When the time arrives for the health care renewal, Johnson & Dugan prepares its clients with a style that most will find refreshing.
Companies often don’t consider renewal at all until a health insurance broker calls to sort out a renewal plan – a likely occurrence beginning about 60 days prior to the actual renewal time. Busy employers may go into panic mode at the thought of having to make long-term decisions in such a short timeframe.
But at Johnson & Dugan, we believe that planning for the health care renewal begins the day after your last renewal is put to bed – that is, employee benefits plans should be built out of process and results. The best time to act is after a client has had a certain amount of experience.
As the client, think back to the open enrollment of your previous renewal. How did it go? What options were you able to choose from? How did the broker present those renewal choices to you? Were they timely, accurate, and comprehensive? Were you given enough time to think through the employee communications that you would need to present? Were your employees allowed the necessary amount of time to evaluate the information, to pose questions to their families and to human resources in order to make good decisions? After changes to the plan were implemented, were you able to process the information in order to get the desired results?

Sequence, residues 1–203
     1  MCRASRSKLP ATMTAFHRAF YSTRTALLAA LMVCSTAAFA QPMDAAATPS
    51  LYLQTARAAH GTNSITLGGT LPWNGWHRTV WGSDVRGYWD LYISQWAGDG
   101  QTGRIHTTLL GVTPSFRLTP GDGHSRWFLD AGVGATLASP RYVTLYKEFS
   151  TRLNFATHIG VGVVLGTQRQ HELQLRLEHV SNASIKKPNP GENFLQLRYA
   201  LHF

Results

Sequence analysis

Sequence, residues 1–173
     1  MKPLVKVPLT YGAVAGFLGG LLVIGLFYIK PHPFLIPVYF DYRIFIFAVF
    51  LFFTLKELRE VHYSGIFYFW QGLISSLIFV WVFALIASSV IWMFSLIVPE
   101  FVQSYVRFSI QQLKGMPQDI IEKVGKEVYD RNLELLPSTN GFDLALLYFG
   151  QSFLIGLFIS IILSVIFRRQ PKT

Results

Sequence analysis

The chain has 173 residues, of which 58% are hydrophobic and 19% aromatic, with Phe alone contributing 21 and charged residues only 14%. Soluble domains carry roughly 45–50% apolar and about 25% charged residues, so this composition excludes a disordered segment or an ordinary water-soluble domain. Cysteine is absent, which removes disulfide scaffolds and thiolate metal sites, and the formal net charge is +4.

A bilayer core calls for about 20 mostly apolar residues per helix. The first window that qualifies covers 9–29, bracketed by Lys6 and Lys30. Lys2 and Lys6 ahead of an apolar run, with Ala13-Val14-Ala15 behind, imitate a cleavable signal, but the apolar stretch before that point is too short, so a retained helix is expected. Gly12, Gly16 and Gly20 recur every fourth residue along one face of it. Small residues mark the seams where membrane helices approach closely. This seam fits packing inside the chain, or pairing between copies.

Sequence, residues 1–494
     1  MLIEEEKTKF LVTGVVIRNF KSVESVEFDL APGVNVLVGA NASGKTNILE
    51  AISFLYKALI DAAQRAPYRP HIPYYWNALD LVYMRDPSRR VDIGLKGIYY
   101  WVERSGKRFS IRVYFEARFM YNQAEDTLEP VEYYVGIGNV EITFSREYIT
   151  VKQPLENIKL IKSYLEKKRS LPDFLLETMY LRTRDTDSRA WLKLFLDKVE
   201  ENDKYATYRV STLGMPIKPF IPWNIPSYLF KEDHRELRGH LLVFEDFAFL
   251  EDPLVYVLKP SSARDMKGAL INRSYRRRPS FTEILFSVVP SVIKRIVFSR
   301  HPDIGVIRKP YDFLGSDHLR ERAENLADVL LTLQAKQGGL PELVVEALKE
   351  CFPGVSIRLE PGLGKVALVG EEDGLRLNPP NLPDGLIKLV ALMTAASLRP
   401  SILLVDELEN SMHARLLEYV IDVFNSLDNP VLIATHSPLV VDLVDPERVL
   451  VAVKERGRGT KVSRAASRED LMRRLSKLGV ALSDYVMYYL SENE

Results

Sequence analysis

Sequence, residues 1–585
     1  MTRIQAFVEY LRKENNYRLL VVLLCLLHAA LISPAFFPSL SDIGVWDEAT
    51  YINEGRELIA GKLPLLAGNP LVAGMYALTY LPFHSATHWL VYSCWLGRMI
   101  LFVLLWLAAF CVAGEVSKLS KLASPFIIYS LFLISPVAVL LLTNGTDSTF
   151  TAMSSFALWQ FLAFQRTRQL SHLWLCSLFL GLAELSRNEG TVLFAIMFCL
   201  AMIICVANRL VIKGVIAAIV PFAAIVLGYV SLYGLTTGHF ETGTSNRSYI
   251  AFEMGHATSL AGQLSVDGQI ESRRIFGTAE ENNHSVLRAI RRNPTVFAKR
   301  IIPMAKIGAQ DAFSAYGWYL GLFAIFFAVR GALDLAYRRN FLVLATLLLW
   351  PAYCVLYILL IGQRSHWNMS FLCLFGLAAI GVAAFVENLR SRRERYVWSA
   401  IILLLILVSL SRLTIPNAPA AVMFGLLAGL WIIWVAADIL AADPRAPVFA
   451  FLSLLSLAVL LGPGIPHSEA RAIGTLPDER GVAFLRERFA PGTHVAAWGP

The ultimate goal for any organization is a smooth, effortless open enrollment period that works for both employer and employee. An employee rushed to conform to a plan will be left frustrated; the same employee that is provided with good communication material well ahead of the open enrollment will be far less stressed even if the news isn’t all good.
As the employer, you must manage the situation proactively – and the best way to do this is to start thinking about the next renewal as soon as the last one is completed.
Begin by ascertaining the business environment going forward by asking a few questions. Is the company hiring? Is it in growth mode or hold mode? What is the economic climate? How is business? Considering the answers to these questions, you can determine what resources will be available in the future and what kind of support you will need going forward.
A broker should be able to describe what the market will look like as the year progresses, as they handle renewals throughout the year. A well-informed broker should have their finger on the pulse of the medical market and how renewals are trending by carrier and industry. Clients should be able to rely on their broker for educated estimates of their future medical plan rates, which is essential for budgeting purposes and reporting to senior management.
As the client, the more information you have and the earlier you have it, the better prepared you are. The more you can prepare your management team and company for the road that lies ahead. It is far better not to be surprised by a twenty percent rate increase – this is the kind of information an organization needs to be aware of while there is still time to adjust. Keeping an early, frequent, strategic and comprehensive eye toward the future will keep a company prepared for renewal.